Journal of Archaeological Method and Theory

, Volume 19, Issue 2, pp 322–349 | Cite as

Northern Iroquoian Ethnic Evolution: A Social Network Analysis

  • John P. HartEmail author
  • William Engelbrecht


Ethnicity is one kind of social relationship that archaeologists explore. The evolution of the northern Iroquoian ethnic landscape in New York, southern Ontario, and the St. Lawrence Valley has been of long-standing interest to archaeologists. Since MacNeish’s (1952) pottery typology study, the predominant model for this evolution has been cladistic. Collar decoration served as a means of signaling attributes of the potter and pottery users that mirrored other more visible signals. We use social network analysis to determine whether pottery collar decoration data best fit MacNiesh’s cladistic or an alternative rhizotic model. The results better fit the rhizotic model.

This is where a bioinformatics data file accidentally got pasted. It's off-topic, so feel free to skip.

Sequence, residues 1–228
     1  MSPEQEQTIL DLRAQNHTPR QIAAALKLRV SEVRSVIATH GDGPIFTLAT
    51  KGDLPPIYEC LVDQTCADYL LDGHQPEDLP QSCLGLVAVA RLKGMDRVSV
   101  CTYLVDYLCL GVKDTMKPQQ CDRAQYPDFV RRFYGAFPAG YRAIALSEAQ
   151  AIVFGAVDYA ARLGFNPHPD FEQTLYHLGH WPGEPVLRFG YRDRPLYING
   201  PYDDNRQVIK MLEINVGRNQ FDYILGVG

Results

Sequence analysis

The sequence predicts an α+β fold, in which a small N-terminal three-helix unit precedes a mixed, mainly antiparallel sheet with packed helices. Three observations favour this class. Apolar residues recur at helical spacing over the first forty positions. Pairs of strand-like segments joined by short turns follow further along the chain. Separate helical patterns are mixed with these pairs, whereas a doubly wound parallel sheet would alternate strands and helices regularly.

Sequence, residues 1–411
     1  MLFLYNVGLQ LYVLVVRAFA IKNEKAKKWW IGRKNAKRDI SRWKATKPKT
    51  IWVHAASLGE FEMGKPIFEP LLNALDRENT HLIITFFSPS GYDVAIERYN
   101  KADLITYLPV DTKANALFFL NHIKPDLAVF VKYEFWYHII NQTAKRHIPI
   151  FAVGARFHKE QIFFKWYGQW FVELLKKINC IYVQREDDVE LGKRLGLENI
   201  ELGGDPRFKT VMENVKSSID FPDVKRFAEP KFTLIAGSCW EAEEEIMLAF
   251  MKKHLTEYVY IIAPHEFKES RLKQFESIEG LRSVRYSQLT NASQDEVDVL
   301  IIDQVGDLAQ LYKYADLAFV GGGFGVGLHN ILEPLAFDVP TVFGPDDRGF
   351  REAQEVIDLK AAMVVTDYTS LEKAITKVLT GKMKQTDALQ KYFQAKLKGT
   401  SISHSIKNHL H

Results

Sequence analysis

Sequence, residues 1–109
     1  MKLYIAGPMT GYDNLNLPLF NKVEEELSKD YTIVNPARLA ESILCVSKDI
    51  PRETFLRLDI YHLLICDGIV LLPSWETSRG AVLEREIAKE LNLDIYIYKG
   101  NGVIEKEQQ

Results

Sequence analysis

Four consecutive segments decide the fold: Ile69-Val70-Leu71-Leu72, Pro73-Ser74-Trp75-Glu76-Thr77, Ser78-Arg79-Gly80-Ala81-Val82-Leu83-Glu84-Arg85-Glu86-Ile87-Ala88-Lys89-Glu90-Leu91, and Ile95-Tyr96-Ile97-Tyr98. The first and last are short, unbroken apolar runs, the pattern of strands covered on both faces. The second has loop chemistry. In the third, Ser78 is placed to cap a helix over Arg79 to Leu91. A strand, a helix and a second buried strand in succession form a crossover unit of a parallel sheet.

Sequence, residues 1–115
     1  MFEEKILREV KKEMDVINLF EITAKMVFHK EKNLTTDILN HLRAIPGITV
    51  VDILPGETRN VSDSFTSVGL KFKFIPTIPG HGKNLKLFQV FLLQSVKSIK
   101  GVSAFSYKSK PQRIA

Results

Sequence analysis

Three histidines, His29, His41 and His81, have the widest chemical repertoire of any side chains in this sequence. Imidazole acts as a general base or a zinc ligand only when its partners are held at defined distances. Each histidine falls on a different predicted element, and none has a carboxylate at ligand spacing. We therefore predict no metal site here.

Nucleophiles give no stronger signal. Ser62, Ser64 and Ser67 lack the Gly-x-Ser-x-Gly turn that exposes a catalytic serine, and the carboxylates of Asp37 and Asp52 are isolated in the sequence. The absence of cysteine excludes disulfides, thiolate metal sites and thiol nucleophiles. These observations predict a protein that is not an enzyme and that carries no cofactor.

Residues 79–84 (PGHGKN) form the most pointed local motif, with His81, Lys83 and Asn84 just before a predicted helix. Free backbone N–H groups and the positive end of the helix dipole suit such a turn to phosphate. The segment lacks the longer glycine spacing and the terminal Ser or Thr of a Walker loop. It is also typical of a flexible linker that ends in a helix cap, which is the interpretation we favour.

Northern Iroquoian ethnicity Social network analysis Signaling theory Ethnogenesis 



We wish to thank a number of colleagues who have provided data, copies of reports, draft manuscripts, theses or dissertations, and/or for pointing us to useful literature, as well as for thoughts on Iroquoian pottery. These include Kathleen Allen, Susan Bamann, Ethan Cochrane, Wayne Lenig, R. G. Matson, David Smith, and Ronald Williamson. We thank Jennifer Birch, Ethan Cochrane, Dean Snow, John Terrell, and Ronald Williamson for their thoughtful comments and suggestions on earlier versions of this paper. We thank Susan Winchell-Sweeney for the GIS work that allowed the production of Figs. 1 and 3, Jennifer Birch, Eric Jones, Wayne Lenig and Archaeological Services Inc. for providing data that facilitated this work, and Jackie Nadeau for assistance with generation of the distance matrix.


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Authors and Affiliations

  1. 1.Research and Collections DivisionNew York State MuseumAlbanyUSA
  2. 2.Anthropology DepartmentBuffalo State CollegeBuffaloUSA

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